90 days from today is Tue, 27 February 2024
10 July 2023
Future policing leaders should not be trained by poor leaders, Police Federation of England and Wales professional development leads have highlighted as the College of Policing launches a new Police Leadership Programme.
The College has established the National Centre for Police Leadership (NCPL), a hub for leadership standards, training and development for officers, staff and volunteers at all ranks and grades.
Alongside it is the Police Leadership Programme which aims to create a clear national framework for development and progression.
Following the Baroness Casey Review, the need for stronger, directive and ethical leadership within the service is evident in order to rebuild public trust. This has raised some serious questions over how forces will train their future leaders.
Commenting on the matter, PFEW Professional Development Lead Paul Matthews said: “We welcome any improvements in leadership and are very encouraged by the College of Policing’s programme for federated ranks.
“However, within the report there seems to be a lack of accountability towards current leadership for failures.
“We would strongly recommend the service looks outside of the police service to source people who have a proven track record of innovative, performance-based leadership for training purposes. Budding policing leaders should be trained by the very best and not be trained by poor leaders, as that would be illogical.”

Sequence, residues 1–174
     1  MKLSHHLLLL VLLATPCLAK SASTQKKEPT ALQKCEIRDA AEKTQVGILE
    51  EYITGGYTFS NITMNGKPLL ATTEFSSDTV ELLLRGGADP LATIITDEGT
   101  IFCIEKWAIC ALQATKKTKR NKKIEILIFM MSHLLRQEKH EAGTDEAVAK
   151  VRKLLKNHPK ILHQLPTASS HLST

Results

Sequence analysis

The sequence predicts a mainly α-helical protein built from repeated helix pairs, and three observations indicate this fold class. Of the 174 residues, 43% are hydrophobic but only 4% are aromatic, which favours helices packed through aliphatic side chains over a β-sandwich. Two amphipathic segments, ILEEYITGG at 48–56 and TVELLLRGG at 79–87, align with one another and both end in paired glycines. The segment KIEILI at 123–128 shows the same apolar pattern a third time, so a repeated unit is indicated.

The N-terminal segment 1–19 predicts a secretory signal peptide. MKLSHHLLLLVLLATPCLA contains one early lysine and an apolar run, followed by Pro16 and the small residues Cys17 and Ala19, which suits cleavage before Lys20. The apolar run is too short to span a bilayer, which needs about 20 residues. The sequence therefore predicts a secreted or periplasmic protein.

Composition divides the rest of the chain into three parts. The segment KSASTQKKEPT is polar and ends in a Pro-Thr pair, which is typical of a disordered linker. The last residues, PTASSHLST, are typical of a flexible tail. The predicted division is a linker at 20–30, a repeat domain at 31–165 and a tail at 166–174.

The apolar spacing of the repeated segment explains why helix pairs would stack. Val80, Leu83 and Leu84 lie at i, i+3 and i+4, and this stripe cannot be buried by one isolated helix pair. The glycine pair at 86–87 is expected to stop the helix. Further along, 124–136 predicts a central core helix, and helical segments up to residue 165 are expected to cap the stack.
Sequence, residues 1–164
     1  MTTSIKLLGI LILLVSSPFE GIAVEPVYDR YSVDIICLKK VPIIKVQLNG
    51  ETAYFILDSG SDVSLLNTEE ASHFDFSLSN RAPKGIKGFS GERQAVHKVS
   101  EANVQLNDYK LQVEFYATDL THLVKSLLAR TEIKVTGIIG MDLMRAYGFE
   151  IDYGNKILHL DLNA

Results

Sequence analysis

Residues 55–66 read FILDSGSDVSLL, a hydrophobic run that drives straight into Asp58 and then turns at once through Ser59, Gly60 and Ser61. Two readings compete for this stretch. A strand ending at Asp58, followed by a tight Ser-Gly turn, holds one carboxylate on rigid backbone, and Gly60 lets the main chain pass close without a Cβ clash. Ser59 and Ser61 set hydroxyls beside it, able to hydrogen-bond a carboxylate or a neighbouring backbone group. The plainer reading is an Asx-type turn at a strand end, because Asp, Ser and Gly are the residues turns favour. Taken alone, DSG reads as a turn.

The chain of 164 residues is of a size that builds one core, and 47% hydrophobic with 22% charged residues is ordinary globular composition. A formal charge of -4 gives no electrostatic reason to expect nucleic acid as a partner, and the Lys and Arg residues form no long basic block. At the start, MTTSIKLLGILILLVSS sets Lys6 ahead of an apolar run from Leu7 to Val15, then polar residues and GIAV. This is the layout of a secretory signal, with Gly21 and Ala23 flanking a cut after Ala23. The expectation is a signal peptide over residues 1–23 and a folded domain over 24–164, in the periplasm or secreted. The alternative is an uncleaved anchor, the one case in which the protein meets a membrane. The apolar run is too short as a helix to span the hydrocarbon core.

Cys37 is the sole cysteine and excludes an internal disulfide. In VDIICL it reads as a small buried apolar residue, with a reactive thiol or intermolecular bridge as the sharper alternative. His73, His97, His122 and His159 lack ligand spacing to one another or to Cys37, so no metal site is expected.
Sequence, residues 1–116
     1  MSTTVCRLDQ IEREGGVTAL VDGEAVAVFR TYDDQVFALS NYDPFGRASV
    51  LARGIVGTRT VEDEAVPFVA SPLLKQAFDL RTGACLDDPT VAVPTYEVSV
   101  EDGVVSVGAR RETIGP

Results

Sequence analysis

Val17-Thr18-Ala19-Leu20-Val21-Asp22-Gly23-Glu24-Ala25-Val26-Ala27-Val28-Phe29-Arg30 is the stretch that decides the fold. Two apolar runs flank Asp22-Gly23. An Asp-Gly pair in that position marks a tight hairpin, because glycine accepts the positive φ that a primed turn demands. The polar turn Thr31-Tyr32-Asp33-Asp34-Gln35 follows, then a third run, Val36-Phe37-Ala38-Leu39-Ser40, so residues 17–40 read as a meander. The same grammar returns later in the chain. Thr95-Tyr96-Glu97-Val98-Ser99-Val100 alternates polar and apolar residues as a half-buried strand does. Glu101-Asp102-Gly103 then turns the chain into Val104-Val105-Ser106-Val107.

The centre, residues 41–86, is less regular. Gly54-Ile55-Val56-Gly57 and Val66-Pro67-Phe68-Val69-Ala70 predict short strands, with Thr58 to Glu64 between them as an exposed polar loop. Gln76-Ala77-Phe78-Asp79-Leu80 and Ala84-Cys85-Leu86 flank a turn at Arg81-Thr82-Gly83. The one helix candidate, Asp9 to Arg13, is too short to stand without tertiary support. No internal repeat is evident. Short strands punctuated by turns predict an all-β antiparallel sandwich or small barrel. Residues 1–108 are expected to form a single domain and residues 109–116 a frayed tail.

As part of the programme, the College will also be working towards reforming the promotion process to make it more transparent, standardised and supportive.
PFEW has continued to raise concerns over the promotion process, fearing the hurdles put in place are deterring the best officers from working their way up through the ranks.
In 2019, 74 per cent (222) of the 300 people surveyed by His Majesty’s Inspectorate of Constabulary and Fire & Rescue Services agreed the promotion selection process was not ‘transparent and fair’.
Additionally out of the 13 per cent of officers who told PFEW they went for promotion within the last year, just two per cent were successful, and five per cent were not, according to the latest Pay and Morale Survey.
Mr Matthews added: “We are pleased the College of Policing is now taking steps towards reforming the promotion process as more must be done to nurture officers who are naturally good leaders.
“Leaders identify themselves through their proactiveness, enthusiasm and their ability to communicate, but the service makes it extremely difficult for some officers with this potential to progress by putting in hurdles and unnecessary processes.
“The service adopts procedures to make the promotion process seem fair, but in doing so actually makes it incredibly unfair, as some people do not thrive under exam conditions, whereby they have to recall masses of information from a textbook.
“The new process should be more effective and fairer as it looks to make assessments evidence based, rather than textbook knowledge based.
“Every officer will know of someone who should be a superintendent but isn’t and are sticking to be a PC and for us that is wrong.”
PFEW also has ongoing concerns around the number of PCs sergeants are now having to manage. With the influx of new intakes, combined with low promotion rates, supervisory ratios for sergeants have almost tripled in some cases.
“You can be the best leader in the world, but if you’re given too many people to manage you can’t lead them,” continued Mr Matthews.
“We will continue to work alongside the College of Policing and the National Police Chiefs’ Council to ensure the professional development needs of our members are met.
“But ultimately, our members need fairer pay, better conditions and improved development opportunities, if not we will not be able to retain or promote, causing the imbalance we have seen with sergeants having to supervise far too many PCs.”